Cognitive Behavioural Therapy (CBT) is a form of therapy often used to treat depression, anxiety and Obsessive Compulsive Disorder (OCD), as well as other conditions. Whilst I have a degree in Psychology, I am not a trained psychologist and this is written purely as an account of my personal experience as a patient tackling anxiety and OCD. I feel that there is a wealth of information about applying CBT, but little on what it feels like to be on the receiving end of the treatment.
It is natural to be nervous about attending therapy sessions, especially if you have anxiety problems like myself. My meetings were held in a relatively informal setting which helped alleviate this. There was no big desk or patient couch, just two chairs and a friendly therapist.
CBT aims to change unhelpful thoughts and behaviours through repeated practice of more desirable thoughts and behaviours. Therefore the first session was spent identifying these negative thoughts or behaviours and thinking about which I wanted to focus on. I came away from it feeling positive and ready for the next session.
Subsequent sessions moved on to coming up with strategies for carrying out the more desirable thoughts or behaviours in order to overwrite the negative ones. Together we would decide a task to repeat that I felt would be challenging but achievable. Between sessions, which were weekly to start with, I would practice the task as much as possible. My tasks revolved around refraining from carrying out safety behaviours related to OCD. In all honesty I did find this hard work and stressful.
At the start of each following session we would start by discussing how the previous week had gone, both in terms of the task and in general. If the task hadn’t gone well then we would identify why and try to work out what could be improved. This could be discussing new techniques to employ, drumming up motivation or making the task a little easier. A good therapist will tailor the techniques to make them the most effective for you. For example, one of my therapists selected motivating reminders that would resonate with me personally and help me carry out my tasks during the week.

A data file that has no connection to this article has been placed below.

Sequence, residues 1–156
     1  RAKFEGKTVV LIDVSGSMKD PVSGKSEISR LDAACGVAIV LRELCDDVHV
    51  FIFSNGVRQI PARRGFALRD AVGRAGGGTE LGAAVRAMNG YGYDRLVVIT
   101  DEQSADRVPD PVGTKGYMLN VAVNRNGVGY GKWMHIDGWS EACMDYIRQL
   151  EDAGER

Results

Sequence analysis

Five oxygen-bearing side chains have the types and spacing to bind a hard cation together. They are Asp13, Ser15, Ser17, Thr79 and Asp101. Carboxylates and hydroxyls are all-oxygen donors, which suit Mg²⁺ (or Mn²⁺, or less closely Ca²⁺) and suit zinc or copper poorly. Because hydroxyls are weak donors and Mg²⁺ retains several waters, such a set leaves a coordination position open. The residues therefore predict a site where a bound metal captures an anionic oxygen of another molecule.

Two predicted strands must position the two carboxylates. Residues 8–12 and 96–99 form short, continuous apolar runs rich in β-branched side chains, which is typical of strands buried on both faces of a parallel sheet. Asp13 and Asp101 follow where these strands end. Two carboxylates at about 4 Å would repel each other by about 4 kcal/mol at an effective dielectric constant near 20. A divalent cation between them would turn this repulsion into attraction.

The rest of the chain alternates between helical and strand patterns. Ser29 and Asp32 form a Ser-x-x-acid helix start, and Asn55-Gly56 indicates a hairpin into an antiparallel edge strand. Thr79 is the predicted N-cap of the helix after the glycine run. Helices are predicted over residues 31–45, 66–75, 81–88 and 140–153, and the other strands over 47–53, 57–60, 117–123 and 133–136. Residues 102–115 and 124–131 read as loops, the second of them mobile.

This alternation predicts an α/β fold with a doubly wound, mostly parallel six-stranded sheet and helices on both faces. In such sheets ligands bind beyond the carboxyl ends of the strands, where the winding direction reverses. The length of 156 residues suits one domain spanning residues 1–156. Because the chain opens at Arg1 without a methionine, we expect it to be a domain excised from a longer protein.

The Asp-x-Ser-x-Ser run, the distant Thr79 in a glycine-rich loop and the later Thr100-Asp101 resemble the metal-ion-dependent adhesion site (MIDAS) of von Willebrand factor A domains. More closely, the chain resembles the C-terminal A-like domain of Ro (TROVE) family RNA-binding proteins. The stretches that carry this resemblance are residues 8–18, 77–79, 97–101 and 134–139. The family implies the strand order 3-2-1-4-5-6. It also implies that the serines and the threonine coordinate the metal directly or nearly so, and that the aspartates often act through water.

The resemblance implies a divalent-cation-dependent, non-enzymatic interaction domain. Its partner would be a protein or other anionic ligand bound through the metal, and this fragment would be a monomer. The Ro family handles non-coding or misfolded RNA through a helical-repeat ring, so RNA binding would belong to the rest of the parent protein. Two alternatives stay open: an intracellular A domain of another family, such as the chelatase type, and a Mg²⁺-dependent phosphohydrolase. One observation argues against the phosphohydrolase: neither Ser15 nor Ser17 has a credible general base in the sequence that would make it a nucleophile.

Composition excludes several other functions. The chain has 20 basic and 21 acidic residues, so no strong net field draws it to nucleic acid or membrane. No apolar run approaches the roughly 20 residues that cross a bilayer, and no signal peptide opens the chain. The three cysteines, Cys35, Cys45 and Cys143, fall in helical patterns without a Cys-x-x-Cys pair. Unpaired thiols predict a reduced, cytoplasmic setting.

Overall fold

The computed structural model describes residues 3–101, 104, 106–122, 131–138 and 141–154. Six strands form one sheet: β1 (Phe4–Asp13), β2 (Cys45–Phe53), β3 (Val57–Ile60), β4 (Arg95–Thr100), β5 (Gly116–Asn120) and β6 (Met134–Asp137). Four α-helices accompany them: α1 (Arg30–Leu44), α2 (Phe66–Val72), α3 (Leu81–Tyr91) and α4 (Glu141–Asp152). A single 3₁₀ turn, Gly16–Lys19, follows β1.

If the previous task had gone well then we would step it up a notch. At times I felt I was really struggling to make progress but by the end of two courses of sessions I had made significant headway. I felt the anxiety and OCD was no longer holding me back as much as it has done, but it was not fully cured. The challenge for me at present is to to keep making progress now that I no longer have regular support from a therapist.
Another route to go down is self help guides. I found them to be perfectly adequate for explaining the theory and techniques. However, you have to keep yourself motivated and I found I struggled to do this when my symptoms were at their strongest.
Ultimately, if you think you may benefit from CBT then I encourage you to speak to your doctor about it sooner rather than later and they can advise you what route to take. It’s far easier to nip it in the bud before it gets a strong grasp. The NHS provide free CBT is some cases, but even if you are eligible then be prepared for up to 6 months wait – another reason to go to the doctor sooner rather than later.
For further information I recommend: www.nhs.uk/Conditions/Cognitive-behavioural-therapy/Pages/Introduction.aspx